Wednesday, 8 November 2017

Captcha schmapcha

Before my bike-fatal road traffic accident, I had to park my wheels [synecdoche!] all over town. I needed a lock which was good enough to deter Bicycle Thieves but not so awkwardly heavy that I couldn't easily cycle with it on board. I found it also helped to deliberately 'distress' the frame with decals, mud spatter and and customising the handle-bars with sticky-tape. That and parking my bike next to a more obviously desirable bike (with crappier security). It was an optimisation problem.

It's been similar for the Interweb since it started going all ugly and commercial 20 years ago. Commerce, even if it was only counting page-views, created a war between 'genuine' human browsers-of-the-web and 'bots which were trying to game the system to the advantage of Bangalore Spambot Inc.  One solution to this sheep vs goats problem was the invention of Captchas [acronym: Completely Automated Public Turing test to tell Computers and Humans Apart]: where further progress into a site required you to solve a pattern-recognition problem which was easy for people and difficult for 'bots.  It is a wonder of the human condition that we-the-people are so good at this: it is honed by a million years of evolution successfully recognising tigers in the long-grass [count 'em solution].

Google acquired reCaptcha Inc in 2009 and threw a lot of software engineers at the problem and they were able to deduce humanity simply from the clicking style. I guess the 'bots click on the middle pixel of the tick-box while humans miss the bulls-eye and take longer to hit the outer rings as well.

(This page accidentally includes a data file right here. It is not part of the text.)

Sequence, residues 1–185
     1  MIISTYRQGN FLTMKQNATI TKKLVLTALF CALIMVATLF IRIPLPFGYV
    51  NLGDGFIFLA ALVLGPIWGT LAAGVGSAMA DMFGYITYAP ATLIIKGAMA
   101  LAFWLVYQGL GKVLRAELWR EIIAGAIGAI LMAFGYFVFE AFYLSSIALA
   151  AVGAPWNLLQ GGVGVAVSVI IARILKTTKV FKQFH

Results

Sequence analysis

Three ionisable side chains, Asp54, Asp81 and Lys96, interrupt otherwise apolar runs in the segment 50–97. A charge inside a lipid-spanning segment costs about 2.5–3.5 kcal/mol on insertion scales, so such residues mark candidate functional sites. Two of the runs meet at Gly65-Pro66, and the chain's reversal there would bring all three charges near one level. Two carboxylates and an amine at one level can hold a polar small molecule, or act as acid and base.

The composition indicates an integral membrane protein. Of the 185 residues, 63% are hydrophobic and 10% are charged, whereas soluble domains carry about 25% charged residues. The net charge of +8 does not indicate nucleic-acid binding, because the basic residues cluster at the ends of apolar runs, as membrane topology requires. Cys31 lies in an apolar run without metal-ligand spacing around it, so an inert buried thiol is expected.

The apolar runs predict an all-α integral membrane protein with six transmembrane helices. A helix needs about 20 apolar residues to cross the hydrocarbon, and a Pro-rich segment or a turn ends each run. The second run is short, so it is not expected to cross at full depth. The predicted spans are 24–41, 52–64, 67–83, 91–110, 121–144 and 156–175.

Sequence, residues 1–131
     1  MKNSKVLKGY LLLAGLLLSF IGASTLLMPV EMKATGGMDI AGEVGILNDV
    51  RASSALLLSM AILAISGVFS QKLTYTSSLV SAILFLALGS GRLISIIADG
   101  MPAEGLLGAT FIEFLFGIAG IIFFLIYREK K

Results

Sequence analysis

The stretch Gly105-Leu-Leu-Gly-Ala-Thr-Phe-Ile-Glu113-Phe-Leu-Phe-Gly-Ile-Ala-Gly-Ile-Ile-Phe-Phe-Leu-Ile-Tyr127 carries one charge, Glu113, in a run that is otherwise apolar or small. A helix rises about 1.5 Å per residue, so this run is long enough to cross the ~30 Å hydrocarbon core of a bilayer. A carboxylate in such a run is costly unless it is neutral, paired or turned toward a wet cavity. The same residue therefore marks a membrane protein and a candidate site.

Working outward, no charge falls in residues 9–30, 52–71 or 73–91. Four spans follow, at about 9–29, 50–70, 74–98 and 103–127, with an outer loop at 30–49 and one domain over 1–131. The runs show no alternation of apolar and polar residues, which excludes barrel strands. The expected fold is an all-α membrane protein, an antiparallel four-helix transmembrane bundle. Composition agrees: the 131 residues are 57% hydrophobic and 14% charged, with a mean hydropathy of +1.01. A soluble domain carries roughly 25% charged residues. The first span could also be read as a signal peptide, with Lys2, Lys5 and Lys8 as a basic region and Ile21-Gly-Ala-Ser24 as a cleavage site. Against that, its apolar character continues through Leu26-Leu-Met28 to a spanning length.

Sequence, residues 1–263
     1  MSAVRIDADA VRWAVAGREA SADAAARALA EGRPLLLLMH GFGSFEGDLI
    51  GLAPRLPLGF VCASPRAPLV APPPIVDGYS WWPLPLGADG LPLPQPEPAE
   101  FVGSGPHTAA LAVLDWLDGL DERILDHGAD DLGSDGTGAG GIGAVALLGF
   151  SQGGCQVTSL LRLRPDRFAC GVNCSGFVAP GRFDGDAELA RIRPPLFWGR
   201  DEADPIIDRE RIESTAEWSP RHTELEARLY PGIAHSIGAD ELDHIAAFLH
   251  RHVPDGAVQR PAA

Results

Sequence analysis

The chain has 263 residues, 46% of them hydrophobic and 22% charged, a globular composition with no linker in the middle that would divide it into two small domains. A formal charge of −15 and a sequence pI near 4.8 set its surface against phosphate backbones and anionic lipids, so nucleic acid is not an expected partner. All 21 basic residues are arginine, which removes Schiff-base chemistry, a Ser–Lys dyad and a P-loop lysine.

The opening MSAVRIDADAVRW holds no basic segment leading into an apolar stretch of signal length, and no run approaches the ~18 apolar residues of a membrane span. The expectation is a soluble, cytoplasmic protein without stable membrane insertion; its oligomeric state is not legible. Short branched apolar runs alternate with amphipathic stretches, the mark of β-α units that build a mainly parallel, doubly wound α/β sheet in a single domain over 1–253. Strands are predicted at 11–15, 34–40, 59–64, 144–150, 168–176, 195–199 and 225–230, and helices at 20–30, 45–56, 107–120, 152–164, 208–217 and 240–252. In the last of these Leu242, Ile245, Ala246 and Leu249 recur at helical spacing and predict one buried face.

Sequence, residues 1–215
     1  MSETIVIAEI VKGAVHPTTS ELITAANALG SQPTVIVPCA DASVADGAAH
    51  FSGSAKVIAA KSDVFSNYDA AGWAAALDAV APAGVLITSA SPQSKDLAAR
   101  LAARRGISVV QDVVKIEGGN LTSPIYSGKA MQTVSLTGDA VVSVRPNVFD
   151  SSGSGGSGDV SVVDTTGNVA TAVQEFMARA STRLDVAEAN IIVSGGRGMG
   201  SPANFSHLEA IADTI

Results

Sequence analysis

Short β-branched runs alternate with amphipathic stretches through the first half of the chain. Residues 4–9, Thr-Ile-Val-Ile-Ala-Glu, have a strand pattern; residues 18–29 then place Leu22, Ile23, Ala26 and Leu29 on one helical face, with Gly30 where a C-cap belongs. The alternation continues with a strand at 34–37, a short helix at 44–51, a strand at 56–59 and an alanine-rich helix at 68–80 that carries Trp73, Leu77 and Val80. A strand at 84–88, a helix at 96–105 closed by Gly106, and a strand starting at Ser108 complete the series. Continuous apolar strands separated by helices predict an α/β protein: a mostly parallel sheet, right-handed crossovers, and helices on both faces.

Captcha got so distorted that although computers could figure them out 99.8% of the time, ordinary people were foxed 50% of the time and that meant lost business. How much do I want to access This Site? Enough to spend two minutes being told that I'm an idiot? Is there another place I can more easily do business? Megalithomania turned up to see The Ringstone, unannounced, on my birthday, a few years ago. I thought it would be nice to make contact but was so frustrated by the Captcha-portal
that I finally said "feck it, this guy doesn't want any feedback".

Things have improved recently where language and experience skills are added into the mix [R]. It requires an extra load of clicking but not too much and a cute mini-puzzle can be a bonus rather than a frustration - the 3rd Law of the Internet is "You can never have too many kittens". But this is not without its cultural-exclusion problems. If you normally write in arabic or cyrillic you may be less adapt than me at untangling distorted roman letters. A well known push-back against the Blacks have low IQs finding questioned whether the dispossessed knew what the words meant when the IQ test was designed by Dr Strate Whyte-Mail PhD from Stanford: Which jacuzzi is the odd one out? A reCaptcha puzzle I was recently presented with asked me to count the number of shop-fronts rather than kittens.  I could imagine a smart chap from Doha asking "what's a shop-front?". I recently labelled one of my graphs for 2nd Year ResMet course "Arbitrary Units" and two of the kids didn't know the word arbitrary in that context. I had similar probs with "salient" a few years ago.

And of course, it's war. If google and others are trying to separate humans from machines, curious researchers are trying to push the envelope to see if they can break in. Recent research published in Science and reported by George Dvorsky has developed a new way of looking at mangled letters and gets the right answer two times in three. I'm about ready to go back the parchment and quill pen.

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